Mollywood and the right to copy

Some of the recent crowd-pullers in Malayalam were inspired from Hollywood movies; are we running out of ideas?

Published: 14th August 2011 10:40 PM  |   Last Updated: 16th May 2012 10:21 PM   |  A+A-

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The poster of 'Anwar', which was 'inspired' by 'Traitor'.

Inspiration seems to be doing wonders to some of the Malayalam filmmakers at the moment. One may be forced to ask: what has inspiration to do with film-making? The answer is simple.

Inspiration does not have a copyright.

Some of the recent crowd-pullers that have rocked Mollywood were inspired from Hollywood movies. Does this point towards a dearth of novel ideas in Malayalam cinema, which was once admired for its original stories, craft and uniqueness?

It was Priyadarshan, considered the ‘inspired’ one among Malayalam filmmakers, who successfully converted several Hollywood films like 'Class of 1984' and Milos Forman’s 'One Flew Over the Cuckoo’s Nest'. The latter was made into 'Thalavattam', one of the monster hits of Mollywood.

In the last few years, the trend of getting inspired from Hollywood movies has re-entered Malayalam cinema. Director Amal Neerad’s 'Big B' is said to be inspired from 'Four Brothers', while 'Anwar' is taken from 'Traitor'. The critics also questioned the similarity of director Sameer Thahir’s 'Chappa Kurissu' with Korean film, 'Handphone'.

“When Amal Neerad told me the story of 'Big B', he said he was inspired by 'Four Brothers',” says R Unni, who wrote the dialogues for 'Big B'. “But till this day, I have not seen 'Four Brothers’. I penned the dialogues for the characters created by the director that have their roots in Mattanchery.”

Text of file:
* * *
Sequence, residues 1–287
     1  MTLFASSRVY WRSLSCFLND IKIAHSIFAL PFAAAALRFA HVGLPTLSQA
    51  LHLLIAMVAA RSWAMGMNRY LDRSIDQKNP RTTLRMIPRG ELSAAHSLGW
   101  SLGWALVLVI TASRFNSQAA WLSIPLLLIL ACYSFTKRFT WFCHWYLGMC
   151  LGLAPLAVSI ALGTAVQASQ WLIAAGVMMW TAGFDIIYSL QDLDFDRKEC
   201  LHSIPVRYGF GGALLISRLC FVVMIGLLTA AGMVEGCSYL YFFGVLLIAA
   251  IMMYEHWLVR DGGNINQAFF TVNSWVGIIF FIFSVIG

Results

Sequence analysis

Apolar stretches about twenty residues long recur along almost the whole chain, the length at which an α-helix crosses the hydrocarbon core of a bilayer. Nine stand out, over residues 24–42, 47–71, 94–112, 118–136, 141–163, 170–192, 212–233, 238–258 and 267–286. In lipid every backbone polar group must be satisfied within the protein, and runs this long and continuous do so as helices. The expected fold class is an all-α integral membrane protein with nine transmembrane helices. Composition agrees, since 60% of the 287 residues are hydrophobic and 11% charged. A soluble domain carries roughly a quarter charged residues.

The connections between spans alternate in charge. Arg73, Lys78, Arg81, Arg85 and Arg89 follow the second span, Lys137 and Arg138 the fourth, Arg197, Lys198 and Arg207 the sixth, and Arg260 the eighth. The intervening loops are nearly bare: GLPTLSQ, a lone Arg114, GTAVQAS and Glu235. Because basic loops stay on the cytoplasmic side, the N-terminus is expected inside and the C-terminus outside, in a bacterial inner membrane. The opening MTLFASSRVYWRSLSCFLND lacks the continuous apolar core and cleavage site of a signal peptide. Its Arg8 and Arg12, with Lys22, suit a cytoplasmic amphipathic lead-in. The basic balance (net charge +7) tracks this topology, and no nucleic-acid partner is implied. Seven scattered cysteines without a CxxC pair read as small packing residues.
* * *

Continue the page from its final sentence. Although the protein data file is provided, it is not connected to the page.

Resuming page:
Interestingly, it was Unni who penned the dialogues for 'Chappa Kurissu' too. “After the allegations that the film is inspired from 'Handphone', I watched the latter,” he says. “But I did not find any resemblance. So I will say to those critics to watch Handphone and then criticise 'Chappa Kurissu'.”

Other copycat films include Arunkumar’s notable movie 'Cocktail' which was adapted from 'Butterfly on the Wheels', while Saji Surendran’s film, 'Four Friends', is said to have got its spark from 'Bucket List'. The latest addition is 'ChinaTown', where the director duo of Rafi and Mecartin incorporated the plot of the Hollywood hit, 'Hangover'.

Arunkumar said that selecting 'Shattered' (US title for 'Butterfly on the Wheels') for his maiden venture, 'Cocktail', was merely coincidental. “I did not want to do a formula film,” he says. “Many writers told me stories, but I did not find them impressive. At that time, actor Anup Menon told me about 'Shattered'. I found it fascinating. I watched the original, but never copied shots from it. I just treated 'Cocktail' as a different movie. To be more precise, a Malayalam movie.”

Arunkumar says the trend of getting inspired is nothing new in Indian cinema. “Many commendable hits in Bollywood, as well as Kollywood, have been inspired by Hollywood and other language movies.” “'Partner' was inspired by the Hollywood movie 'Hitch', and the producers of the latter demanded royalty charges. Even the Tamil movie, 'Ghajini', was inspired from Christopher Nolan’s 'Memento'. But director Murugadas was successful in narrating a story in an entertaining way.”

In literature, copying another’s work and publishing it as one’s own is regarded as a crime. But fortunately or unfortunately, in films it is not regarded as a heinous offence. If the trend continues and more Hollywood movies are going to get Indian versions, royalty and copyright will become major issues.

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